JIRI TEML (b.1935): Symphony No. 2 "War with the Newts", Concerto No. 2 for Organ, Brass, Strings and Percussion, Jubilee Variations for Orchestra. Like the majority of Czech composers of his generation, Teml uses pieces of practically every compositional technique available to him at the time he was working on his compositions to produce an ever-changing personal style. Tonality, atonality, free tonality, Czech folk traditions, aleatoric techniques - all were fair game for these three works which date from 1987, 1994 and 1989 respectively. The Martinu tribute evokes the dynamic ebb and flow of tension and dance rhythms of the great composer; the organ concerto uses Gregorian elements in addition to the other elements and has a wonderfully still, almost Bartók-like slow movement while the symphony - suggested by, but not depicting in any way, Karel âapek's science-fiction novel - employs more avant-garde techniques than its fellows. Ale Bárta (organ), Prague Radio Symphony Orchestra; JiÞí Malát, Lutz Herbig, Vladimír Válek. Cesky Rozhlas CR 0103-2 (Czech Republic) 11F089 $14.98 >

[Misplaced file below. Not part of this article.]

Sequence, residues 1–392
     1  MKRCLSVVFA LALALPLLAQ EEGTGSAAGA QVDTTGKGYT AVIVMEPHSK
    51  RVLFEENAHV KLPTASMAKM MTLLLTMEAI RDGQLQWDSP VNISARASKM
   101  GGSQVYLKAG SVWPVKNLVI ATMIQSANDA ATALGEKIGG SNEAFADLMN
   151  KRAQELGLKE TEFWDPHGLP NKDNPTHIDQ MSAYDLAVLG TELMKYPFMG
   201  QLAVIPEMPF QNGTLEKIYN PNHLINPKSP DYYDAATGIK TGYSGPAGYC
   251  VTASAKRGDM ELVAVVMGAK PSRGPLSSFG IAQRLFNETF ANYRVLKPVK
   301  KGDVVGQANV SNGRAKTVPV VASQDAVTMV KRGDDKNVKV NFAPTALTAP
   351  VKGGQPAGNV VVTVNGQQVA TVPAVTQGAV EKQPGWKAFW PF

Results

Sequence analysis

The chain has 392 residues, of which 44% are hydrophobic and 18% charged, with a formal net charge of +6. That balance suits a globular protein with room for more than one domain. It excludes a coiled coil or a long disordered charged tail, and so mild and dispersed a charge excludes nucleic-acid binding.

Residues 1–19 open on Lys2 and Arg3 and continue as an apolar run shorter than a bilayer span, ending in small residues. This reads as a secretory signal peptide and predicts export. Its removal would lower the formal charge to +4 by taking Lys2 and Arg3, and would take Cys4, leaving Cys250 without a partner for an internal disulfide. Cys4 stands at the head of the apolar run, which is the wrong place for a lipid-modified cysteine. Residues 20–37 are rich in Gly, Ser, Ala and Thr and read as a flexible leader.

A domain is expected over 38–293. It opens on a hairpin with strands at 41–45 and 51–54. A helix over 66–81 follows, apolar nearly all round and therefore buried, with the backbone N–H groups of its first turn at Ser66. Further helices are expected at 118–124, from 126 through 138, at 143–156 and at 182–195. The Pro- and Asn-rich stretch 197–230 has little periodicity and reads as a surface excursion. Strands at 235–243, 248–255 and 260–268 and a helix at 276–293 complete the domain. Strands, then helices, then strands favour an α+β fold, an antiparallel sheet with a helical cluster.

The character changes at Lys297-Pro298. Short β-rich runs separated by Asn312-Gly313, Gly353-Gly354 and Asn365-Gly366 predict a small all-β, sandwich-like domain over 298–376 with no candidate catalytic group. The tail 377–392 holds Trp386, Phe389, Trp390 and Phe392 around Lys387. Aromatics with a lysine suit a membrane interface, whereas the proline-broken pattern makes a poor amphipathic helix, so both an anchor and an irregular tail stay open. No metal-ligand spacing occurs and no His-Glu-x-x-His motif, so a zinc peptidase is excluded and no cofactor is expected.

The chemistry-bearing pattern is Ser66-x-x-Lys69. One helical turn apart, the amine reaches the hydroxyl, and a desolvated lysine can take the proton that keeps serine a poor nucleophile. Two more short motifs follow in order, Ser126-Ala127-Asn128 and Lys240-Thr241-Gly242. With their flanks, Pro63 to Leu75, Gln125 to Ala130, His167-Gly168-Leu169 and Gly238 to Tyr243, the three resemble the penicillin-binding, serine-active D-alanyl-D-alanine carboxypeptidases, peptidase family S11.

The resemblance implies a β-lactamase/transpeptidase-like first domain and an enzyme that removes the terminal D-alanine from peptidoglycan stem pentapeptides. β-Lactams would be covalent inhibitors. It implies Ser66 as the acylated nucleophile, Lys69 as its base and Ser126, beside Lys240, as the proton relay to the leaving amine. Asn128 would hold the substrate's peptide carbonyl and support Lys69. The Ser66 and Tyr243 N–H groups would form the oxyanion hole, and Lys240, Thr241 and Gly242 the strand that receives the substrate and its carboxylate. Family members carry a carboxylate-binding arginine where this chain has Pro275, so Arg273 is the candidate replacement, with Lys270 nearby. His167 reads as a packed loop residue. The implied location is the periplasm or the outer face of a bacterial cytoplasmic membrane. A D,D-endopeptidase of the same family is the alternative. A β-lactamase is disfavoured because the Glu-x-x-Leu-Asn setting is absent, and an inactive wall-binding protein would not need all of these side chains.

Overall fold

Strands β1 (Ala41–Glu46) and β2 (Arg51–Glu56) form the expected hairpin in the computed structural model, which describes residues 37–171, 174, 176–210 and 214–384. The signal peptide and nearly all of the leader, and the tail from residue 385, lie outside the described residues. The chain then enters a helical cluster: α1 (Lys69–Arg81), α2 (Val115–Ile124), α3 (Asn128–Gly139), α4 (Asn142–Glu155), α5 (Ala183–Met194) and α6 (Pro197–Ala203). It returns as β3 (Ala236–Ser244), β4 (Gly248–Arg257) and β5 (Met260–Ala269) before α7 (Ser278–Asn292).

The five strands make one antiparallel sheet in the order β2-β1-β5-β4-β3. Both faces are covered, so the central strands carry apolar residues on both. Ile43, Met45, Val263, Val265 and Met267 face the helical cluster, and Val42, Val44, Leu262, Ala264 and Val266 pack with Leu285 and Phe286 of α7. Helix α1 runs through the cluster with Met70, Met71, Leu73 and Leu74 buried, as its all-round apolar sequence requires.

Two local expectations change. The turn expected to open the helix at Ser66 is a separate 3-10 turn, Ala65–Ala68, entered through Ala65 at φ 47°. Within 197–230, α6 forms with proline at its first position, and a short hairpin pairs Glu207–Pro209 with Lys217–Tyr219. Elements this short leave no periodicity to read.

ZDENEK LUKAS (b.1928): 3 Rondos for Flute, Cello and Piano, SYLVIE BODOROVÁ (b.1954): Hélios for Flute, Violin, Cello and Piano, Otomar Kve ch (b.1950): Shakespearean Echoes for Flute, Violin, Cello and Piano, ILJA HURNÍK (b.1922): Sonata da camera for Flute, Violin, Cello and Piano, Bohuslav Martinu° (1890-1959): Madrigal Sonata for Flute, Violin and Piano, Antonín DvoÞák (1841-1904): 4 Slavonic Dances from Op. 46. These compositions share the inspiration of forms of the past (technically, that is even true of the Dvorák, who used older folk melodies, in this transcription from 1870 altered to add a flute to the texture). Lukás' rondos from 1974 are lucid and lyrical pieces, Classically inspired; both Martinu and Kvech (1974) took their inspiration from the Renaissance while Hurník, in 1957, turned to baroque form since, in Czechoslovakia at least, one could still escape the Communist demands for "socialist realism" in "classical" musical forms. Bodorová's is the newest work here (1998) and has her characteristic optimism, energy and approachability in this eight-minute piece inspired by Phaëthon's ill-fated chariot test-drive. Ensemble Martinu. Triga EM-ART 0001-2131 (Czech Republic) 11F090 $14.98 >